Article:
SPELLLING – ‘The Turning Wheel’ album review

SPELLLING (aka Bay Area-based artist, composer, teacher and mystic Chrystia Cabral) releases ‘The Turning Wheel’ – a collaborative double album that features appearances from 31 different musicians. The album covers themes from humanity to the future and divine love. The record is split into two halves – ‘Above’ and ‘Below’ with the former being more jubilant and dreamy, the latter more gothic in tone…

‘Little Deer’ provides a cinematic opening to the album with questions like ‘How do I feel, little deer?’ being delivered against an orchestal brand of alt-folk that immediately demands your attention. As the sound progresses into something more akin to a Bond theme, Chrystia reveals ‘The world is cruel and you’re no fool’. This is swiftly followed by the more dreamy ‘Always’ – a song that opens with the plea ‘Please don’t steal my heart, don’t make me start over again’ delivered in a soulful fashion. This then moves into a more cosmic brand of Let’s Eat Grandma-style pop-orientated electronica with the words ‘I want to live alone inside my fantasies’ leaving a significant impression. The gospel backing on ‘Turning Wheel’ captures the communal spirit that runs throughout this album, while ‘The Future’ is a soul-searching piece about love and what could happen next: ‘I live in the future’; ‘Hiding inside my mind in a tower no one will climb’.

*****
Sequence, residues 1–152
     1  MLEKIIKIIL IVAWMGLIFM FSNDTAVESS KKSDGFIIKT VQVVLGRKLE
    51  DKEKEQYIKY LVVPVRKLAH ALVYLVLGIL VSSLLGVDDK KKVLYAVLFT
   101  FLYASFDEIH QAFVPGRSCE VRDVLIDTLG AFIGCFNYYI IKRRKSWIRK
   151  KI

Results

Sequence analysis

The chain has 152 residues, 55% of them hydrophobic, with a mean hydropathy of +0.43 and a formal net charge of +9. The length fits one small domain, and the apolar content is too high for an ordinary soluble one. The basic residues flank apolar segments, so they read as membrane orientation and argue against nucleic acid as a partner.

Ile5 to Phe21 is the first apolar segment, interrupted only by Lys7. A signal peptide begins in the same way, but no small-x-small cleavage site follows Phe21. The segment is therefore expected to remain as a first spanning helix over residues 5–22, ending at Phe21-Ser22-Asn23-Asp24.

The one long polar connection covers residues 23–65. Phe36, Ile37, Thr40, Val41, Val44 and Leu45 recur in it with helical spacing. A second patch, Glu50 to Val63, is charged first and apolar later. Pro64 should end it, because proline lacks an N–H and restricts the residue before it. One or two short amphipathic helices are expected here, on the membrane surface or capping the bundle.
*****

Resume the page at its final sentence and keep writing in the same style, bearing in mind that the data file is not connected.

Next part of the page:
‘Awaken’ opens with sparse and hypnotic guitar that casts a spell on you before Chrystia ups the tension and demands you to ‘Let your heart surrender, let your heart transform’. The combination of storytelling and theatrics brings to mind Amanda Palmer before the strings-laden ‘Emperor With an Egg’ offers a passionate account of a penguin’s journey: ‘He’s a bird, he’s a king, he can swim with his wings like an arrow’. Things get darker and slower – at least to begin with – on ‘Boys at School’ as Chrystia laments the fact ‘they never play by the rules’ before declaring ‘I don’t want to grow older’ against a prog-infused backdrop. ‘Legacy’ and ‘Queen of Wands’ are both brooding and emotive – the latter even dipping into some Kraftwerk-esque electro beats.

‘Magic Act’ has bluesy guitar solos running throughout its 5 and a half minutes, upping the intensity, while ‘Revolution’ opens with gorgeous piano and observations about getting older – ‘So long, my childish dreams’ – being in ‘Permanent revolution’ and shuffling off ‘this mortal coil’. The album closes with ‘Sweet Talk’, a slow-burner that opens with the words ‘I hear the music of words’ before heading into a darkly-tinged combination of glacial effects and the most powerful vocal performance.

‘The Turning Wheel’ takes you on a spinning journey through all kinds of stories, influences and genres… You never know what’s coming next and that’s something to be celebrated. Take this record for a spin…


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